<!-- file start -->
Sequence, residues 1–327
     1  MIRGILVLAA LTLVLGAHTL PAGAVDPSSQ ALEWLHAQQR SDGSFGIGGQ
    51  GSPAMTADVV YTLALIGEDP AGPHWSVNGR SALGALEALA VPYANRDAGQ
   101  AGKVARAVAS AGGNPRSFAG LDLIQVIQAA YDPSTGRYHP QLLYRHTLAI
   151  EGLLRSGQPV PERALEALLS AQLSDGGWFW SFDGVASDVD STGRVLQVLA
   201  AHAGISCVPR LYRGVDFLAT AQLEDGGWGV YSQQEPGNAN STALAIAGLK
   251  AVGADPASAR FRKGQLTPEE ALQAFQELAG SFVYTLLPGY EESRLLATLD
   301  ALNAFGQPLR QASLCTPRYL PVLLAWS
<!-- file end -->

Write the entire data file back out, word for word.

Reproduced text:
Sequence, residues 1–327
     1  MIRGILVLAA LTLVLGAHTL PAGAVDPSSQ ALEWLHAQQR SDGSFGIGGQ
    51  GSPAMTADVV YTLALIGEDP AGPHWSVNGR SALGALEALA VPYANRDAGQ
   101  AGKVARAVAS AGGNPRSFAG LDLIQVIQAA YDPSTGRYHP QLLYRHTLAI
   151  EGLLRSGQPV PERALEALLS AQLSDGGWFW SFDGVASDVD STGRVLQVLA
   201  AHAGISCVPR LYRGVDFLAT AQLEDGGWGV YSQQEPGNAN STALAIAGLK
   251  AVGADPASAR FRKGQLTPEE ALQAFQELAG SFVYTLLPGY EESRLLATLD
   301  ALNAFGQPLR QASLCTPRYL PVLLAWS